A blog entry over on ZDnet makes the case that Amazon.com and Dell are Canonical's two most important Ubuntu partners. I firmly agree. Here's why.

Dell's support of Ubuntu was a key reason why we launched WorksWithU. When Dell announced its first Ubuntu desktops in mid-2007 -- the very year Microsoft shipped Windows Vista -- Nine Lives Media Inc. (WorksWithU's parent) realized Ubuntu was very likely the real deal.

Yes, we know small Ubuntu PC makers like ZaReason and System76 have earned loyal followings and praise from Ubuntu users. But Dell's entry into the market was a wake-up call for the PC industry and even for Microsoft.

We quietly beta tested an Ubuntu news site -- called All About Ubuntu -- for about a year, before branding around WorksWithU in mid-2008. Dell's move into the Ubuntu market convinced us this was a market in need of a media brand that educates readers about ongoing Ubuntu trends.

Ubuntu 9.10 for the Clouds

Now comes word that Ubuntu 9.10, slated for delivery in October 2009, will leverage Amazon's cloud services. MSPmentor (a WorksWithU sister site) closely tracks Amazon's Simple Storage Service (S3) and Elastic Compute Cloud (EC2). MSPmentor believes VARs and managed service providers will shift their customers to on-premise systems (such as Ubuntu servers, desktops and netbooks) blended with cloud services (such as EC2).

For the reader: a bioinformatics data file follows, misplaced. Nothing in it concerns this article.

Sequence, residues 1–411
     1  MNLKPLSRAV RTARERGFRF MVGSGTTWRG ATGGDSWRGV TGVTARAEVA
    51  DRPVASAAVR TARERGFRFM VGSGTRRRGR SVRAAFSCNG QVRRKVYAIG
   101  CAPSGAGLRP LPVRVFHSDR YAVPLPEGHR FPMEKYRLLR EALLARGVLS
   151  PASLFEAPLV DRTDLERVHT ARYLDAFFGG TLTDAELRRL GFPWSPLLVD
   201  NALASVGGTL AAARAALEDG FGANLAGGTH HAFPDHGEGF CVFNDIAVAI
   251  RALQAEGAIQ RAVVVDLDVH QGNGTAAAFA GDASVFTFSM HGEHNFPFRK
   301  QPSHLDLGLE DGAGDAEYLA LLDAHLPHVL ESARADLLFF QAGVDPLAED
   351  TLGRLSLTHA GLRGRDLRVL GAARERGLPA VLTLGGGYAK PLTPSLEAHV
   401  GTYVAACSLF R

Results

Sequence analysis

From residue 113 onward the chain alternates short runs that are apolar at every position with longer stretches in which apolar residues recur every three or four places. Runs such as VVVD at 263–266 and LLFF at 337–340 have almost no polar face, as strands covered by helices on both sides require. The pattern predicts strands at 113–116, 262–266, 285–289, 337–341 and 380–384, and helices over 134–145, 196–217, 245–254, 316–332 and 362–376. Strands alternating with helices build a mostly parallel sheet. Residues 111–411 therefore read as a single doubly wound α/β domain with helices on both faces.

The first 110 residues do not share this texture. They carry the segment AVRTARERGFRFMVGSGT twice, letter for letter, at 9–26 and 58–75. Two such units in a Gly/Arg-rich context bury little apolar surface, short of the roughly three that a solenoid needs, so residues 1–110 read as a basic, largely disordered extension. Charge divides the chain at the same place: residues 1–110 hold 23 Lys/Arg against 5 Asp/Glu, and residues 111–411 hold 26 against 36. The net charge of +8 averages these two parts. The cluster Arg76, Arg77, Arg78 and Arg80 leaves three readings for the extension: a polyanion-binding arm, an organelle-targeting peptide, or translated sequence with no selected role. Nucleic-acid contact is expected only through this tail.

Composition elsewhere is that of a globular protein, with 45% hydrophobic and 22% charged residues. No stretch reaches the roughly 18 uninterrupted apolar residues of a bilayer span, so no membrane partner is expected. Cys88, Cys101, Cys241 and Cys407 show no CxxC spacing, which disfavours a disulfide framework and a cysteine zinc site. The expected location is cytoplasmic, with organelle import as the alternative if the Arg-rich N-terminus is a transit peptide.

Money Matters

ZDnet says Amazon's cloud service is actually profitable. I haven't been able to confirm that on my own. But even if the service is losing money at the moment, Amazon's cloud is growing fast and seems to leverage a solid business model that will generate recurring revenue and profits for years to come. Meanwhile, Dell remains one of the strongest brands in IT -- despite recent stumbles that have trigged quarterly losses from time to time.

ZDnet is right: Canonical's two most important partners -- for the moment -- certainly appear to be Amazon and Dell.

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